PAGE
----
Colorway and Flux Capacitor

Root Cellar Greenfield, MA

September 03 2016

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Saturday of Labor Day weekend can be slow at clubs, as most people are at barbecues, festivals or camping.  But when one of our favorite bands is coming from out of state, we’re happy to go visit a club, especially one as welcoming as the Root Cellar in Greenfield, MA.

I’ve had the good fortune of seeing Flux Capacitor somewhat frequently this year (Strangecreek, Bonnaroo) but given how their sound is developing so rapidly from show to show, every show is a worthwhile look.  We got to the club after a real nice dinner at Thai Blue Ginger across the street and some walking around Greenfield and Turner’s Falls just as the opener Colorway was starting.

Colorway Colorway is a three piece band out of the Pioneer valley led by F Alex Johnson- formerly of the Drunk Stuntmen who were a popular band out of the area a few years ago and still play every so often, albeit without Johnson. I knew almost nothing about them prior to this moment, so I looked on as they got started- a three piece with guitar, bass and drums. Alex plays guitar and sings lead while Riley Godleski provides drums and sings backup. Matt Clegg plays bass. Their sound is a mixture of rock, pop, americana, and well- Alex.

For their hourlong opening set the rhythm section rolled along supporting the ten or so tunes with ease while Alex supplied some fiery and oftentimes cathartic guitar chops. He knew when it was time to let loose and let it flow but wasn’t above reeling things back to provide some seriously catchy hooks–both on guitar and in his vocals–when it was time to settle down. I didn’t notice cover tunes within the set but fans of indie rock and the grittier end of americana will like this band, as the small crowd that was gathering in the root cellar early that night did.

After a short break to change over Flux Capacitor took the stage.  The introduction came over a tease of Led Zeppelin’s Thank You but even before you were sure that was happening, the band turned on a dime into their own instrumental original.  What came forth for the next two hours was nothing short of an aural onslaught, a trio operating at the full power and potential of any rock band.  The brothers Specht performed as if they were in front of forty thousand instead of the forty or fifty people who were there celebrating with them.

The second song is a new favorite of mine, a shorter tune called Radio.  I had a nice chat with the guys before the show and it seems likely that this is going to be their next single from an album that we can expect within the next six months or sooner.  The rest of the show is a bit of a blur because of the never ending stream of tastiness that was coming from the band.  They were able to deftly mix longer pieces like Unite that weave and jam and go from one plateau to the next with shorter pieces like Freedom Killers which like Radio are four minute songs that unfurl a very specific lyrical and musical message in a concise fashion.

This appears to be the new direction of Flux Capacitor- to mix in exploratory jams while also trying to master the art of the more direct song, and I really for one was totally turned on by it.  The sound was thick and lush- with a constant rally between lead guitarist Pete Specht who was agile as he leapt from vocals to guitar solos to rhythm guitar without a problem and his younger brother Mike whose double duty on keyboards reflected the normally held position of two band members.  He covers the low end with his left hand so ably that you would never guess that there is not a bass player in this band, while his right hand and triggers and loops illustrate a deft mastery of keyboards.  Mike even contributed a vocal tune for the first time that I have seen, and it was a great way to mix up the set.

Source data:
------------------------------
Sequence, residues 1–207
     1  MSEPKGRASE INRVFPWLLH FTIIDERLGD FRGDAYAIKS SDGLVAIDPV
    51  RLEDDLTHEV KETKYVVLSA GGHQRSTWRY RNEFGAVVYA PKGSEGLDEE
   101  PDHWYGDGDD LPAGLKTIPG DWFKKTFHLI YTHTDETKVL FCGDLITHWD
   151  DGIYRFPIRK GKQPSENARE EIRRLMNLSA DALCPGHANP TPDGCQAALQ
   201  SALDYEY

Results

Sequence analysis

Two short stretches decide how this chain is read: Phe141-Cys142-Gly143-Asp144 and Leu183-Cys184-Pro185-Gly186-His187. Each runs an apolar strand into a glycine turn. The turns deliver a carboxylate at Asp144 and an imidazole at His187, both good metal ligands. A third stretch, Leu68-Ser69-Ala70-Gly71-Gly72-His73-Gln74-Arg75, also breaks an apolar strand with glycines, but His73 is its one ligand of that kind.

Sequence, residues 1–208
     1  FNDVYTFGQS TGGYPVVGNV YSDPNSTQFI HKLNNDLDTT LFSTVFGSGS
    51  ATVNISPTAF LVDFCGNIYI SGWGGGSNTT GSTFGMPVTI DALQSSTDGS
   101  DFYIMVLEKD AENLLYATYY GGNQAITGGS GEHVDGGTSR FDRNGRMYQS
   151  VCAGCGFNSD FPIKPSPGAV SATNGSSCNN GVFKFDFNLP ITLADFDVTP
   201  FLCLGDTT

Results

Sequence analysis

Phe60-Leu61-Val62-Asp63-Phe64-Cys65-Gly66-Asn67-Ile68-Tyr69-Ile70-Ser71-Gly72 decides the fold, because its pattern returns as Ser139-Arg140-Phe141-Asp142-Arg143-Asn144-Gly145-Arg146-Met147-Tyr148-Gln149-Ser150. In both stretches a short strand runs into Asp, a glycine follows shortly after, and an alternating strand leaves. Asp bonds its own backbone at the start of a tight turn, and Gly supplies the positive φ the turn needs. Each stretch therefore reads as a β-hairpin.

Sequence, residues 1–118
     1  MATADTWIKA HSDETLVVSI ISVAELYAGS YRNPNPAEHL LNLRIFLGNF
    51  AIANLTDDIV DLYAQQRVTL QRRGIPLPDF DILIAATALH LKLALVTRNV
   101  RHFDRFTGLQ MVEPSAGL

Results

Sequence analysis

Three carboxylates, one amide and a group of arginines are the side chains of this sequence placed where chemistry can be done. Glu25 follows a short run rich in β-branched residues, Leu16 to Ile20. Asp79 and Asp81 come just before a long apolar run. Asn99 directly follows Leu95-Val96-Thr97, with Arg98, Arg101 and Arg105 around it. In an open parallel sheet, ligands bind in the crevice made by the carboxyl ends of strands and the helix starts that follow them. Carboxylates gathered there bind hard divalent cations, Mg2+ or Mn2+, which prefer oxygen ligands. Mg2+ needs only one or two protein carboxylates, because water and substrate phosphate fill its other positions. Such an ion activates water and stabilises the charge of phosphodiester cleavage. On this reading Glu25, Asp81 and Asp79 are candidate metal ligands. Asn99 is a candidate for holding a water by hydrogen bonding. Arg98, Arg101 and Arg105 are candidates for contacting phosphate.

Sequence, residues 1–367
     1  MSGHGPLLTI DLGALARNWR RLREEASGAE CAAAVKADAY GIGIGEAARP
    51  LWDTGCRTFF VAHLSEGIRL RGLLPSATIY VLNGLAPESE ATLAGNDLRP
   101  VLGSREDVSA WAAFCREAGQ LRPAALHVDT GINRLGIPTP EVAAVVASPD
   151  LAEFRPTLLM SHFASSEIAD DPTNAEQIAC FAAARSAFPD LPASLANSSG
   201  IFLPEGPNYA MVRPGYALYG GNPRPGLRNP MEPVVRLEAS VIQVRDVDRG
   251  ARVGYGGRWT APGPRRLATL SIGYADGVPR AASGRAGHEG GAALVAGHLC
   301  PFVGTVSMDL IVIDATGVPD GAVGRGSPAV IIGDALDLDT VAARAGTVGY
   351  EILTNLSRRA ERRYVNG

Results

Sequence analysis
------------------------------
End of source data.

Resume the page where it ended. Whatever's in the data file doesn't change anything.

Jason Specht is like one of those paintings in a 1970s horror movie spoof-  his eyes are constantly flicking between his two brothers to continue to enhance the rhythm.  Back and forth, back and forth, a virtual tennis match played out in his eyes while he drove the band from one jam to the next.  He flirts with the jamtronica back beat but never jumps too far into it so as to really immerse himself in that sound- instead opting for a host of different sounds and beats and not staying riveted to that one beat.  He also has a great electronic pad that accesses a great diversity of sound.

As a reflection of their set at Peach festival which included the entirety of the Doors first album, the band broke into Break on Through late in the set.  This is a perfect choice of a cover song as it is another band with a keyboard player covering bass lines, and the vocals are a perfect match for Pete’s range.  There were a few more songs to close out a marathon set that stretched beyond two hours.

I spent the entire ride home, and thank goodness my wife was driving, declaring how awesome Flux Capacitor is.  It’s somewhat ironic to me that the band was able to deliver one of the best shows I’ve seen the band play, ever, in front of a small but riveted crowd on a holiday weekend.  I somewhat drunkenly stated that Flux may be the best ‘undiscovered’ band in the country.  In the light of day and a state of sobriety I don’t back away from that assessment.  Run, do not walk, to see Flux Capacitor immediately.

Video by F Alex Johnson

To Submit a review or story for consideration hit us at [email protected]

Check out the Live Music News and Facebook page for updates and announcements.